You can also watch live TV on the Xbox One and switch between a game and the console's operating system to "see what's on" or just to open some apps. Now, if you're a PC user, that's not that impressive, it's called multitasking, but it is an interesting feature for a console.

According to "", the snap function, that is basically multitasking for consoles as I was pointing out earlier, can be disorienting at times and, of course, not all applications have that feature, but they also say that the Xbox One they tested was running on a beta environment, and that Microsoft has informed the testers that there will be significant improvements after the public release.

Continuing our quest to better understand the new Xbox One, we stumble upon the Kinect 2.0. With the help of the Kinect system and the Xbox One interface, the gaming console is nearly completely controllable while relying only on this system and your voice. While that sounds good in theory, in practice can lead to some frustrating times, but it has to be said that the Kinect is also one of the features that will be improved in the future. That being said, I don't think all of its problems will be fixed, as I haven't came across a speech recognizing system that doesn't require a great deal of calm from its user.

Another thing that I haven't seen the logic behind, is the 60$-a-year Xbox Live Gold membership, which is required to unlock basic functionality. I mean, if the membership would have been required for additional features, it would have been alright, but to unlock basic features, especially when you take into consideration the One's base price which is quite high to start with, is just not OK.

In the end, although technically the Xbox One it is outstanding, and the new systems and features it brings to the table are impressive, the big initial price and ulterior fees, lead me to think that you should stick with your old 360 or PS3 for now, and wait until more games that can take advantage of it's improved hardware will appear, and the system's applications, OS, and functions will be improved so that the big asking price will become a bit more realistic.

In fact, that's the advice I normally give about any gaming console or mobile device, don't jump to buy it based on what the producer tells you, wait until it gets some proper revives from people that have nothing to gain from an eventual popularity of that product. Also, always check for the reviews of the individuals who already bought the device / console, because that's the only way to find out about how or if a product works in the real world.

Gaming consoles poll:

What gaming console would you buy?

See results

You can vote your favorite new generation video game console in the poll, also leave a comment below if you want to have your say about the Xbox One, and why not, it's rivals.

Which console is the best? Why?

Is the Xbox One's high price justified?

Answer these questions in the comments area below, or just say your own opinion, or talk about your experience involving Xbox products or other gaming consoles.


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      6 years ago

      One of the things 343 shuold do for HALO 5 is what Bungie did for HALO 3: ODST and make it a two disk pack. One can be used for the Campaign, Firefight, and Spartan Ops, the second however shuold only contain Forge and Multiplayer. The reason I say this is because I'm a Computer software tech and know a few things about how software works if you split the game into 2 different disks the more space you have to make longer campaigns bigger maps and the system will only need to focus a few primary issues. take forge for instance the community wants bigger maps and unlimited forge options it only makes since that its going to use a lot of space for data to be processed and if HALO 5 will come out the XBOX 720 the we don't have to worry about how the system will freeze or crash because they going give the system new tech and build off the 360 model. Same goes for campaign firefight and other game modes that 343 will put in. Next they shuold have skins for forge objects so people who make machininmas will be able to make epic videos with scenery like Forunner Covennet or UNSC. another idea would be to make theater mode for all game modes and not just multiplayer and they really shuoldn't botch the weapon lowering manuver by it going back being aimed when walking around after you just lowered it. and one other thing they shuold not do is have the second disk be an instillation disk. one last thing they shuold do is bring back all weapons, all vehicles, dual wielding, and all game modes from the previous HALO games.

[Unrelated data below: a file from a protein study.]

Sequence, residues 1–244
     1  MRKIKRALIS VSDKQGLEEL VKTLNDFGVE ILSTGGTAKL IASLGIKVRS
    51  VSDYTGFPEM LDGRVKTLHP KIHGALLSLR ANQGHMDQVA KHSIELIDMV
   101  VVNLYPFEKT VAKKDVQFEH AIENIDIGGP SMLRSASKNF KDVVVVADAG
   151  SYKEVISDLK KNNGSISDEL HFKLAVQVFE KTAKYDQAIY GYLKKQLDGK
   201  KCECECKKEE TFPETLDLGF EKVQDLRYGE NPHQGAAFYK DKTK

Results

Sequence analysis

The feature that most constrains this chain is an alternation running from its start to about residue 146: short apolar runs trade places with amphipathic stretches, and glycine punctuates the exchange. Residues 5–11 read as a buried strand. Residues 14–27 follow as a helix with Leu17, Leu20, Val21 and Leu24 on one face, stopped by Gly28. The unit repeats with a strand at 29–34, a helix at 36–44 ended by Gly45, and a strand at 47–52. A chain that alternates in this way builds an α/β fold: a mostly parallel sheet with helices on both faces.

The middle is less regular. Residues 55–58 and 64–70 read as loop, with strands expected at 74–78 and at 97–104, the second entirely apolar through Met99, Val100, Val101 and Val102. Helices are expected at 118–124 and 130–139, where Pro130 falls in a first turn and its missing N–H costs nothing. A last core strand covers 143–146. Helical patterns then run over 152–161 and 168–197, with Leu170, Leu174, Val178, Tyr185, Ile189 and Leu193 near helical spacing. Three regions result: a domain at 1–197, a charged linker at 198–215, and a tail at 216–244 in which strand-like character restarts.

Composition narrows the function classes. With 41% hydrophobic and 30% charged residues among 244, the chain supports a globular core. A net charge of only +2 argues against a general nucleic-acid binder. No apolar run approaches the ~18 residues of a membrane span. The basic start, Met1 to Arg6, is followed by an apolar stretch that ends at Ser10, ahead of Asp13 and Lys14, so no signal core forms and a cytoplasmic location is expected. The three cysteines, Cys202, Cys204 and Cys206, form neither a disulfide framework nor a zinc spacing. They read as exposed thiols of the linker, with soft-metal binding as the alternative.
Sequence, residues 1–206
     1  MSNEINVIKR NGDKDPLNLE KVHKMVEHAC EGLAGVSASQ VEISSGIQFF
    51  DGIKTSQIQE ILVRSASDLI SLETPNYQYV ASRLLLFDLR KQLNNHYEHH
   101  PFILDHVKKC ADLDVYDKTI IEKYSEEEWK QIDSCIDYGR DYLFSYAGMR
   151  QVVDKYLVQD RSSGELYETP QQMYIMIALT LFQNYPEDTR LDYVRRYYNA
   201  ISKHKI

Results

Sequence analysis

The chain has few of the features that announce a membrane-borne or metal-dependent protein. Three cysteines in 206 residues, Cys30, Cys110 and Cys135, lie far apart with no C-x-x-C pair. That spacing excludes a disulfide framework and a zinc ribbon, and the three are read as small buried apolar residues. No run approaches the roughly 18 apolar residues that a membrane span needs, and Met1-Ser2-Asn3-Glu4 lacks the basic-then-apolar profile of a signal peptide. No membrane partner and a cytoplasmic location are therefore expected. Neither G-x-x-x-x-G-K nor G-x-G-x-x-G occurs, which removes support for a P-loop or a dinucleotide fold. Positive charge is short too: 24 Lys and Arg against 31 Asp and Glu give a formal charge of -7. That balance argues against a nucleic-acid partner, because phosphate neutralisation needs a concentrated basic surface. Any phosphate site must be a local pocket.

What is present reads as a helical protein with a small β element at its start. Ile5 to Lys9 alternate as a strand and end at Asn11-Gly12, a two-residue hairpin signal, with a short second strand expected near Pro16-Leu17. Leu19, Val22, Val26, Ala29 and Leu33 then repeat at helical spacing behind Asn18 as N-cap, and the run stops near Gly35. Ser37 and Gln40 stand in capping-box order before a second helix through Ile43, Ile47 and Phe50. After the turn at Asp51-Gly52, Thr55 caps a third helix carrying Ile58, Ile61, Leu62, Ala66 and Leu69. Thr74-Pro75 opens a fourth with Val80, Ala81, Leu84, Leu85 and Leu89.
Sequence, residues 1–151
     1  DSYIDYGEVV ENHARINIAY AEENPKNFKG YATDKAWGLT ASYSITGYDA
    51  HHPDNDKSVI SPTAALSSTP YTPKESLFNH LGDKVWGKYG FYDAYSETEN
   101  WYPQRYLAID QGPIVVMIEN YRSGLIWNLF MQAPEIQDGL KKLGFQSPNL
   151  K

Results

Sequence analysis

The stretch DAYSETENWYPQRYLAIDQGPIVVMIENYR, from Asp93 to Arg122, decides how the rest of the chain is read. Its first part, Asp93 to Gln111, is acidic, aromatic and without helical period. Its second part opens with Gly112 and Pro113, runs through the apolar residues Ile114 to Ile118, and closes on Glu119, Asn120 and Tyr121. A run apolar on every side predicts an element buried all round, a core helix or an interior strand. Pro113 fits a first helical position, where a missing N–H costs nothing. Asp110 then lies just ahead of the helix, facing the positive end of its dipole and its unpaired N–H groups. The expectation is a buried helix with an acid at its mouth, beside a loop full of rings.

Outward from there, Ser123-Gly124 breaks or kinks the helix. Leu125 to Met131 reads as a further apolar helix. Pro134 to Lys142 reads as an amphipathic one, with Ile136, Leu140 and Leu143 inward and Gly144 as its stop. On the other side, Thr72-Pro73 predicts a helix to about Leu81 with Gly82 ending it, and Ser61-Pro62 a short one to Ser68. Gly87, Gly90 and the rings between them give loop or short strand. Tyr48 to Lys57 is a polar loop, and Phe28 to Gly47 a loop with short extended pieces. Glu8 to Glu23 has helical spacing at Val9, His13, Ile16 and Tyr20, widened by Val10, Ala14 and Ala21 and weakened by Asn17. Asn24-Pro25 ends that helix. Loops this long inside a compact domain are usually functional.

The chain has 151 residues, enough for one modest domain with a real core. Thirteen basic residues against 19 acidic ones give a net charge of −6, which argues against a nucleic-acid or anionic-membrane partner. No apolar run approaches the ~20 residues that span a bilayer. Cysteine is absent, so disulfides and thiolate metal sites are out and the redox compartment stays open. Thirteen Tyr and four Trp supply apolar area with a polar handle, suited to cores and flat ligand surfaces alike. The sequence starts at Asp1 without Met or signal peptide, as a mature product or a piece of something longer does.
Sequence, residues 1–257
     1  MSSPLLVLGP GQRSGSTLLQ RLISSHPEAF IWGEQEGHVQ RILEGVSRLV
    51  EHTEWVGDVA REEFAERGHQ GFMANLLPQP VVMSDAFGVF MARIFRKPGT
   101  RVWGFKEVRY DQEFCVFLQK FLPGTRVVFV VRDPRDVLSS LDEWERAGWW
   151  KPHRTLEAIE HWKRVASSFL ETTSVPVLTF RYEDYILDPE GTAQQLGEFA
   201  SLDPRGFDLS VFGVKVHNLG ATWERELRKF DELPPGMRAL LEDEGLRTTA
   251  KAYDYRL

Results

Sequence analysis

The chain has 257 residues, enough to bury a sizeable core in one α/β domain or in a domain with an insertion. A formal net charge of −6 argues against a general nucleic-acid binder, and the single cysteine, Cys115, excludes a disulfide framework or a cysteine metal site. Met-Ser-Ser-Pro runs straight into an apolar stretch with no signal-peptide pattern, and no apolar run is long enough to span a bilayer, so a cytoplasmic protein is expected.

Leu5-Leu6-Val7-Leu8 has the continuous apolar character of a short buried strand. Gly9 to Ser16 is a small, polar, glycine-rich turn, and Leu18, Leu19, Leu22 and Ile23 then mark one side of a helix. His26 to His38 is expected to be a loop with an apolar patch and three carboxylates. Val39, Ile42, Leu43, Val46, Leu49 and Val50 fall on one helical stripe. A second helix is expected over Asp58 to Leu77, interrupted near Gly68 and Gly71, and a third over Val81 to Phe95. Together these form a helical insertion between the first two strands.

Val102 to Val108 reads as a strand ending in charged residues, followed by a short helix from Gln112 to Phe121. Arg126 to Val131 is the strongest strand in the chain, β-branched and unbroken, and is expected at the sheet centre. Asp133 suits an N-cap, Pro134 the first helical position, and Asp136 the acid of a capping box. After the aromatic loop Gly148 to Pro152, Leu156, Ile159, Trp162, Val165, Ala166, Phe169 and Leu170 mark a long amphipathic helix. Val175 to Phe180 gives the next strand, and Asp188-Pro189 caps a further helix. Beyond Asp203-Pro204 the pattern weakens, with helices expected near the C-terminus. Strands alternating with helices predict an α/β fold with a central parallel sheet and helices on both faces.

• profile image


      6 years ago

      I'd really like to see more naarutl environments in multiplayer. ====== Forest Map ====== TONS OF TREES: Some large, small, some that have fort-like structures on them, some with tunnels that go through the base of the tree, some fallen trees that can be used to get to higher places. (A sort of rich thick forest you would find in Skyrim but tailored for Halo FPS gameplay) FOLIAGE: Tall weeds in some parts, short grass in others, hanging moss or vines. DIRT TUNNELS: Log or wooden beams to support the tunnels inside. TREE FORTS: Ground forts or forts spanning across trees with bridges or zip-lines connecting them. CAVES: Built into a rock formation of some sorts. FIRE?: Fire can spread around the map for a little while before going out severely damaging . could really change dynamic gameplay during objective based game types cutting off certain routes. Return of flame thrower? Addition of flame grenade/torch? (Something similar to what you would see in Far Cry)====== Desert Map ====== FLOWING SAND DUNES: (sand could also possibly be shifted around by explosion, driving, running, ect? Not sure if that is possible on the technical side of things) ROCK/SAND STRUCTURES: Building of some sorts for bases or structures that players can go through. QUICK SAND: Some sort of quick sand element that could be located in key spots of maps. Quick sand either kills you, where you can still shoot and throw grenades as your being sucked down. **A teammate could possibly attempt to pull you out but leaving you both vulnerable to an attack. OR it could just drastically slow you down while trying to move through it. DESERT PLANTS: Cactus or thorny like plant life. Tumbleweeds that blow across the map during gameplay. Maybe a couple spotted oasis's around a watering hole with some palm trees near the water. SAND STORMS: Randomly throughout gameplay, sand will blow through/around to make sight difficult or near impossible. Outside structures could be more severe where inside structures could be only hazy and gloomy. (Gears of War 3 Multiplayer Map: Trenches is a good example. During matches on that map, sand will sweep through and create interesting gameplay.)====== Snow/Ice Map ====== FLOWING SNOW HILLS/DRIFTS: They could have unique shapes and could change form (kind of like I mentioned with the sand map dunes) by explosions, vehicles, or foot traffic that can change the dynamic flow of the map. (Again technical limitation may not make this possible) TUNNELS: Snow tunnels that connect certain points of the map. FROZEN LAKE/POND: There could be some sort of frozen water at a key spot in the middle of the map that can be a risk/reward element. The more traffic damage (person/vehicle more so) or weapon damage the ice takes it will break apart leading to anything on top falling through to die in the freezing deep water. Over time the water can freeze and strengthen up if not disturbed. Must be very risky as most would rather choose to venture around the ice unless it's an absolute dire situation. SNOW VEHICLE: Have a snowmobile that can shoot out the front and have at least one passenger or have a Warthog that has snow tracks instead of wheels. (I believe Halo 2 had some concept Snow Warthog with tracks but never saw that in-game.)Those are what I would really like to see and I think the Halo community would enjoy it as well.Now I'm not sure how they could balance destructible environments since Halo multiplayer puts a very high emphases on flow, consistency, and balance. It's just that having fully destructible environments can make the game become more alive. When environments are destructible, it constantly feels fresh, changes the flow of gameplay as the match goes on, and it gives a sense of the chaos by seeing all the damage by the end of the match. Battlefield 3 comes to mind so exactly how 343 could find that balance I am not sure but I feel like I am not alone when I say that.Also, I understand that Battlefield 3 is an entirely different game but I would really like to see some concepts that Battlefield incorporates into their multiplayer experience. It's such a ridiculously very engaging game with it's scale-able maps, destructible environments, beautiful maps . so many others points that I won't cover but if you've played Battlefield 3 multiplayer you know what I speak of .. now imagine that mixed with Halo! I understand somethings just wouldn't fit but whenever I play Battlefield I cannot help to think how amazing some of those maps would be with Halo mixed in.Final thoughts:The customized armor should be over the top. You can customize your spartan now but it's still fairly easy to see another player that looks similar. I hope 343 can find a way to make spartan armor customization soooo deep that your spartan looks like no other out there.Forge world should have a lot more naarutl objects. An absolutely large forge world should be out there or at least several fairly large maps all that are strikingly unique. Just something where not every forge map looks like a bunch of bland UNSC, forerunner, steel-like structures . something that can be created that looks more naarutl. Bottom line, I wish the map creator was something similar to Far Cry . I couldn't imagine what the Halo community could come up with if they had that sort of map creator/editor. I'm sure I'll add more as time goes by but for now the details I listed above are what I'd really like to see in the next HALO game.